We were just about to undress, when the police officers and a journalist with a few assistants arrived: they wanted to interview us about our trip for the local newspapers. So we stepped out of the so-called bathroom again, cycled forth and back with our half-loaded bikes, gave interviews, exchanged contact details and went off again, to finally wash ourselves, get some rest, have dinner with the police officers, see the family of one of the officers and finally go back to the rest house – in a police car again – to get some sleep. Who would have expected that!
We continued our journey the following day late again, after 10am, with a journalist/police escort out of the city but not without getting another tea at another place. If I had known THEN what would come in the evening, I would have refused the tea, but luckily I am not a fortune-teller. After an easy and uneventful cycling day we stopped early to find a place to pitch our tent.
We found a nice farmer again, who offered us a room on the roof of his house, a little outside corner to wash ourselves and our clothes (the family’s bathroom) and a huge open air toilet (a field with a few bushes used by all villagers as toilets in the houses are very uncommon).
And if you ever happen to be on the countryside in India and see people walking in the fields with a bottle in their hands, they are coming/going from/to the toilet. Getting back from the field, the farmer awaited us in front of his house with warm water to wash our hands. Interesting experience! Later that evening I got a call from the journalist, he desperately wanted me to send the pictures we took. I told him I would do so as soon as possible and we said goodbye. Five minutes later the following SMS comes in:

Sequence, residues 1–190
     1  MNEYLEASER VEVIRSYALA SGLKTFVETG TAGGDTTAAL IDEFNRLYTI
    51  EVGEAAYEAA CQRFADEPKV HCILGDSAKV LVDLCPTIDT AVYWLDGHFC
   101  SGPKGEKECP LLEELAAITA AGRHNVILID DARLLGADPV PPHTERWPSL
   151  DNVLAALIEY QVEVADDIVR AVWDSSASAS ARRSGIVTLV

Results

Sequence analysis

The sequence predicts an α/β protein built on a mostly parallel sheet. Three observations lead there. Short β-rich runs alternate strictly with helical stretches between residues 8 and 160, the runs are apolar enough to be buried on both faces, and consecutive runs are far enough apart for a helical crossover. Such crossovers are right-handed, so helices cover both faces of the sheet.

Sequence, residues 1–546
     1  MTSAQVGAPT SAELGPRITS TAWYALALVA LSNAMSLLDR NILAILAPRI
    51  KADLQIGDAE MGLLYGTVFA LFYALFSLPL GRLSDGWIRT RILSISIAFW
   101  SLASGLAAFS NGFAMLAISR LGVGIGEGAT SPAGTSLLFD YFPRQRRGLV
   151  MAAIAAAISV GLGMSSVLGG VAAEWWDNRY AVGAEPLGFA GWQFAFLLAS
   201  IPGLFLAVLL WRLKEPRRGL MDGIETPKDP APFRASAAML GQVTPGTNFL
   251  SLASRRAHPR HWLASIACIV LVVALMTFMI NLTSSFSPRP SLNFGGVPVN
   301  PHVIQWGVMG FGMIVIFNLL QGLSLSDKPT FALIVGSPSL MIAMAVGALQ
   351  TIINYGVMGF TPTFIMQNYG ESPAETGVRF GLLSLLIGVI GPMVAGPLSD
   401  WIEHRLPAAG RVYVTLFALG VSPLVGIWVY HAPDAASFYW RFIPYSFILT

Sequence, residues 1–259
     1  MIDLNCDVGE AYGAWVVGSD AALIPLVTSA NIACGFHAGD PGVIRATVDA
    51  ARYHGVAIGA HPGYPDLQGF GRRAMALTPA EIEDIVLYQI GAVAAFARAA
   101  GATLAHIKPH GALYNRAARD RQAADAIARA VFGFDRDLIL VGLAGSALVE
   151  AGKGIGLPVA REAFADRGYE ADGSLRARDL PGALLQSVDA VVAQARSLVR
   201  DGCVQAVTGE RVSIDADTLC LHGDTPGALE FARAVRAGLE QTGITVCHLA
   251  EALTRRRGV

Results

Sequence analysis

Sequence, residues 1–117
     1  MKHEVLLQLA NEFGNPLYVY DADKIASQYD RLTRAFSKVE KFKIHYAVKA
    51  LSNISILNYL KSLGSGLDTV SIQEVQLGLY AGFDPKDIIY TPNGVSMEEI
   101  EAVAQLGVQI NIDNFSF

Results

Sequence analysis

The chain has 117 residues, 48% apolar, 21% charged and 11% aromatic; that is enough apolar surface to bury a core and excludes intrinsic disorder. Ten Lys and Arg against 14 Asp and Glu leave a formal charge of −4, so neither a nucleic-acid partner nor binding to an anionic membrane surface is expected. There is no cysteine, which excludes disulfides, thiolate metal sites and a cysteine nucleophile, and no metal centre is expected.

Look….the moon is calling you!!
See…the stars are shining for you!!
Listen…the mosquito’s are singing to you!!
Hear…my heart says: “Good night”
‘Shit’, I thought, this is going the wrong direction. I showed it to Johan and we had a good laugh about it. Another 10 minutes later the phone beeped again: “I like u so much do u like me if u like me i am coming for u special there.” All right! This was definitely wrong. Johan got slightly irritated and we decided to write a SMS to stop this when the phone rang and ‘he’ was calling again. Johan picked it up and clearly told him off – politely but determined.
Johan had a very bad night with stomach cramps – we had lunch at a street restaurant the day before – and decided to stop early and look for a hotel or guesthouse to give him some rest (again :)) and let him enjoy a ‘normal’ toilet, since kneeling down in the fields is a very hurting task for him due to his knee. The first hotel was fully booked due to a wedding so we headed off to the next one, that looked like a palace, a newly renovated heritage hotel. We knew we couldn’t afford it, but there was a huge garden in front and we thought we can always ask if we can pitch our tent there. While waiting for the hotel manager we were shown around – beautifully decorated rooms with old wall paintings, huge wooden beds with white bed linen, just wonderful. The price was 5,000 INR which is about 72 EUR. Not much, but if you are on a spending trip with no income, every penny counts. We were discussing among ourselves how much we would be willing to pay and I mentioned that even if we would get a 50 % discount, this would still be too much, given we are in India. We have to make up for our excessive two months in Europe! So we finally met the manager and he was so excited to see us on our bikes (he did a bike tour through India years ago with a typical Indian bike) that he just asked how much we could afford and accepted our bid of 1,500 INR (21 EUR). Two lucky chaps again :).